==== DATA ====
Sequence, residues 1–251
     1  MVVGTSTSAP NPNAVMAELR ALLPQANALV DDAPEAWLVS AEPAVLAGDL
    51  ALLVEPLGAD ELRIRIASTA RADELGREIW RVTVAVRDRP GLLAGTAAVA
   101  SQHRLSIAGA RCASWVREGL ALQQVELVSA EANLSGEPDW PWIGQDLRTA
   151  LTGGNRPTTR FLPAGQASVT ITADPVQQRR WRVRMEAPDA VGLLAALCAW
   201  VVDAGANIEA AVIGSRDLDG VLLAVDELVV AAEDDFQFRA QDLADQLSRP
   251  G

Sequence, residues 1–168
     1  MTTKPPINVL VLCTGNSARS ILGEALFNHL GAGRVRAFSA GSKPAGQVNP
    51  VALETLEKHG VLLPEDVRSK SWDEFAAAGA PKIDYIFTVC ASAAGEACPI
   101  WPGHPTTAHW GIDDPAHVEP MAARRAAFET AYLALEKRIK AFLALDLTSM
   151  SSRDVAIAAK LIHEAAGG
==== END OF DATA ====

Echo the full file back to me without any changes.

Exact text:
Sequence, residues 1–251
     1  MVVGTSTSAP NPNAVMAELR ALLPQANALV DDAPEAWLVS AEPAVLAGDL
    51  ALLVEPLGAD ELRIRIASTA RADELGREIW RVTVAVRDRP GLLAGTAAVA
   101  SQHRLSIAGA RCASWVREGL ALQQVELVSA EANLSGEPDW PWIGQDLRTA
   151  LTGGNRPTTR FLPAGQASVT ITADPVQQRR WRVRMEAPDA VGLLAALCAW
   201  VVDAGANIEA AVIGSRDLDG VLLAVDELVV AAEDDFQFRA QDLADQLSRP
   251  G

Sequence, residues 1–168
     1  MTTKPPINVL VLCTGNSARS ILGEALFNHL GAGRVRAFSA GSKPAGQVNP
    51  VALETLEKHG VLLPEDVRSK SWDEFAAAGA PKIDYIFTVC ASAAGEACPI
   101  WPGHPTTAHW GIDDPAHVEP MAARRAAFET AYLALEKRIK AFLALDLTSM
   151  SSRDVAIAAK LIHEAAGG